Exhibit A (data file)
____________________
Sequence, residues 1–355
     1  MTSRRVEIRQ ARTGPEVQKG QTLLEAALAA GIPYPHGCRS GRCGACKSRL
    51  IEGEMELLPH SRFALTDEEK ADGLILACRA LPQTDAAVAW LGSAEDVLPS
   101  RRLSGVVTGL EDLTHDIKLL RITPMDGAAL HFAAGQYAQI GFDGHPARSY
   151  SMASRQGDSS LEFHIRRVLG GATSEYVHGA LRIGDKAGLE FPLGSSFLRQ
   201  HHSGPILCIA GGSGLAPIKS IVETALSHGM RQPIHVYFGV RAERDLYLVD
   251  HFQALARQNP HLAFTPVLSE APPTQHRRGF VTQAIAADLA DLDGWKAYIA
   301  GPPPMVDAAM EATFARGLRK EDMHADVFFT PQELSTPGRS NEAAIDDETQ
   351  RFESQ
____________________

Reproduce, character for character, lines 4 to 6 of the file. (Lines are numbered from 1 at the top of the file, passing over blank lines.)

   101  RRLSGVVTGL EDLTHDIKLL RITPMDGAAL HFAAGQYAQI GFDGHPARSY
   151  SMASRQGDSS LEFHIRRVLG GATSEYVHGA LRIGDKAGLE FPLGSSFLRQ
   201  HHSGPILCIA GGSGLAPIKS IVETALSHGM RQPIHVYFGV RAERDLYLVD